Common Council members felt reluctant to drastically reduce funding many of the city’s important resources. But as the city faces a 20 percent reduction in state aid, the council is forced to work within a tightened budget.
There is concern among a number of us who support the goals of the city’s Green New Deal but watch the city advance development that is inconsistent with the necessity to reduce — not increase — local greenhouse gas emissions. The latter concern is exacerbated by the comments of several alder persons who voted for the GND but now question even the extraordinarily minor budget commitment to make their pronouncement substantive. Months ago in the wake of the contention over Cornell’s North Campus Residential Expansion, the Planning and Economic Development Board wrote the Common Council asking for training to competently analyze projects for their greenhouse gas and climate change implications — a request which has apparently been ignored. Recently, the director of planning and economic development admitted that she and her current staff could not produce a substantive GND. Moreover, we all know that it has taken existing staff and local consultants three years and running to create a Green Building Policy with codification and implementation still months off.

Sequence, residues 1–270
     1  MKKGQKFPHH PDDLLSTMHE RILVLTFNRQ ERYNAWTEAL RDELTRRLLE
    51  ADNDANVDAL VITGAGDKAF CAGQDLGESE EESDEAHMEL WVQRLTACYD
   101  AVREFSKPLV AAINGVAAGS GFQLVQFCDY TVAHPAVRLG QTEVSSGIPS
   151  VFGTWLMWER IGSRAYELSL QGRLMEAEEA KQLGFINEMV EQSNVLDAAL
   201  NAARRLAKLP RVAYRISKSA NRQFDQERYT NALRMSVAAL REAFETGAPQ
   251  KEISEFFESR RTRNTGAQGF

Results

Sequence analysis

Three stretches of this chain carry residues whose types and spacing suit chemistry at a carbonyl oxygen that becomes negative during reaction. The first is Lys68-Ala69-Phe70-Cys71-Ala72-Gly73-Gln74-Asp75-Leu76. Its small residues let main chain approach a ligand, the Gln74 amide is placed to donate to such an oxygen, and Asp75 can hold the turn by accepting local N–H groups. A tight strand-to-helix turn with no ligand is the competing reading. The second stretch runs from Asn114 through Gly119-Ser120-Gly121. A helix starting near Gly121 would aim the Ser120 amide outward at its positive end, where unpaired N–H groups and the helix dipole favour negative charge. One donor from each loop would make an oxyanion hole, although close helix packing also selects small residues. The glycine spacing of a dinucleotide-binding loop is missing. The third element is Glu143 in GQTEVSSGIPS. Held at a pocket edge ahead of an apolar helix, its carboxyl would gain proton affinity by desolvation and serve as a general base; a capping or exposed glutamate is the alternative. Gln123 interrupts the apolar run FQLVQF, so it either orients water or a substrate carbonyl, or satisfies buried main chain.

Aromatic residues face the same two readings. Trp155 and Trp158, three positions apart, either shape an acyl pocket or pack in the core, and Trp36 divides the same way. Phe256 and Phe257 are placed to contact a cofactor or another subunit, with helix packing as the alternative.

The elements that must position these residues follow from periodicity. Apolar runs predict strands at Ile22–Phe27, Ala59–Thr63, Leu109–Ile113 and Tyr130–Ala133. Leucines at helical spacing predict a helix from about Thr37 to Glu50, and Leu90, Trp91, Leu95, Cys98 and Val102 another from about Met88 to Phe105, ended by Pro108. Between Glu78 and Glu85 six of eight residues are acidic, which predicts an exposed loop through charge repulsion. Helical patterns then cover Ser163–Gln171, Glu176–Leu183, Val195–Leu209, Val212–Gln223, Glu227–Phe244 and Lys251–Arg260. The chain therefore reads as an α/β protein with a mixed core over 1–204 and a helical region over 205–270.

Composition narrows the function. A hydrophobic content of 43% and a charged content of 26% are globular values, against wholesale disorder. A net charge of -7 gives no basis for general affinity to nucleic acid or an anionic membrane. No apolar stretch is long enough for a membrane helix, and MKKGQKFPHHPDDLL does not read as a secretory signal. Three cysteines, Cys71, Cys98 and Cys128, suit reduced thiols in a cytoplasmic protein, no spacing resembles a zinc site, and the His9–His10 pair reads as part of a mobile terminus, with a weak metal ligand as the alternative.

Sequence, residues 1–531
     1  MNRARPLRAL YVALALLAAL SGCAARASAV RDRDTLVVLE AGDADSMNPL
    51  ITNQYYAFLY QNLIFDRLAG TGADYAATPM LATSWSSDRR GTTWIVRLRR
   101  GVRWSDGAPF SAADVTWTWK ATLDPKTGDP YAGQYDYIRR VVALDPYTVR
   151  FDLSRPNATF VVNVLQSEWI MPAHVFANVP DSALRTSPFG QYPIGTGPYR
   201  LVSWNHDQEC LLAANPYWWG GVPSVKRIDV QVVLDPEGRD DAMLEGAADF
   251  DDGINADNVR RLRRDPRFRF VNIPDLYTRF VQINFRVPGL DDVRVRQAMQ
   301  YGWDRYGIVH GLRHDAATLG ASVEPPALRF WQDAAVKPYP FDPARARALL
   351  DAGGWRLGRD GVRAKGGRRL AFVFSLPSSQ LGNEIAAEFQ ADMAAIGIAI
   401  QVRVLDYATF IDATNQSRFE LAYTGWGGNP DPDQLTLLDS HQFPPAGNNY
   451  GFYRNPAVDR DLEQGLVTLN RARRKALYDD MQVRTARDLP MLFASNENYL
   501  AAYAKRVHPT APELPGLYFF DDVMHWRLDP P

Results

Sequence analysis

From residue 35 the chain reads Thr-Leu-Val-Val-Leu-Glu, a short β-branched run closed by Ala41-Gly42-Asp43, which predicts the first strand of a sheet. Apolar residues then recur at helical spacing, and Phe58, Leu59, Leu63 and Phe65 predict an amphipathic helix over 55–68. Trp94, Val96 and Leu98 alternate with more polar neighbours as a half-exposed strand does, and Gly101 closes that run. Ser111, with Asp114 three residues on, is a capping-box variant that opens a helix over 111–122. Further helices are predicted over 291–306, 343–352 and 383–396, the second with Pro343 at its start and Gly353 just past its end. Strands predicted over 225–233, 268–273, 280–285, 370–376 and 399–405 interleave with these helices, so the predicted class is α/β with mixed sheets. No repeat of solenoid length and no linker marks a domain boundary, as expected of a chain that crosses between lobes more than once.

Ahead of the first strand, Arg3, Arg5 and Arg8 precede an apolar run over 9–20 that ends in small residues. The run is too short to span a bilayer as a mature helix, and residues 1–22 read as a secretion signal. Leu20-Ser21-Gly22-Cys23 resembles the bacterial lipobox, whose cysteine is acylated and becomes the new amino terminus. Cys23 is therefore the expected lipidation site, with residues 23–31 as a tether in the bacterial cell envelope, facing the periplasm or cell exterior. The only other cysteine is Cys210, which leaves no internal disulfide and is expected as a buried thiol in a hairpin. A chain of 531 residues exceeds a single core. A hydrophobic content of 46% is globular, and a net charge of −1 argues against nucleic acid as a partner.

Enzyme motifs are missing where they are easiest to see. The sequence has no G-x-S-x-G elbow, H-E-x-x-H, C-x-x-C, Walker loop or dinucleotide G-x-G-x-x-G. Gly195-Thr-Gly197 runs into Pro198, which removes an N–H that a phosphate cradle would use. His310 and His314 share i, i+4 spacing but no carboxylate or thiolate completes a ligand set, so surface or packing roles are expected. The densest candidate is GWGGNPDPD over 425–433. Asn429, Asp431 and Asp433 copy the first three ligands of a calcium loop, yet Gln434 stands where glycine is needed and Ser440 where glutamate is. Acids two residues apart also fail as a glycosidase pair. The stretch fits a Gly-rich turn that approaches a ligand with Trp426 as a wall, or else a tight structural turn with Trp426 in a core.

At the meeting, Tyler, along with officials from the Fire Department and Public Information and Technology Office, had the chance to discuss the city’s nearly $76 million budget’s effect on their departments.
“We don’t have the adequate staffing that is appropriate to serve different stations,” said alderperson Cynthia Brock (D-1st Ward). Alderperson Donna Fleming (D-3rd Ward) added that there is “plenty of need” for these four additional people.
“New growth means the value of land in the city increased by 10 percent last year,” he said. “Some of that is in assessment increases on existing property but most is in the growth from new apartments in Collegetown and Downtown.”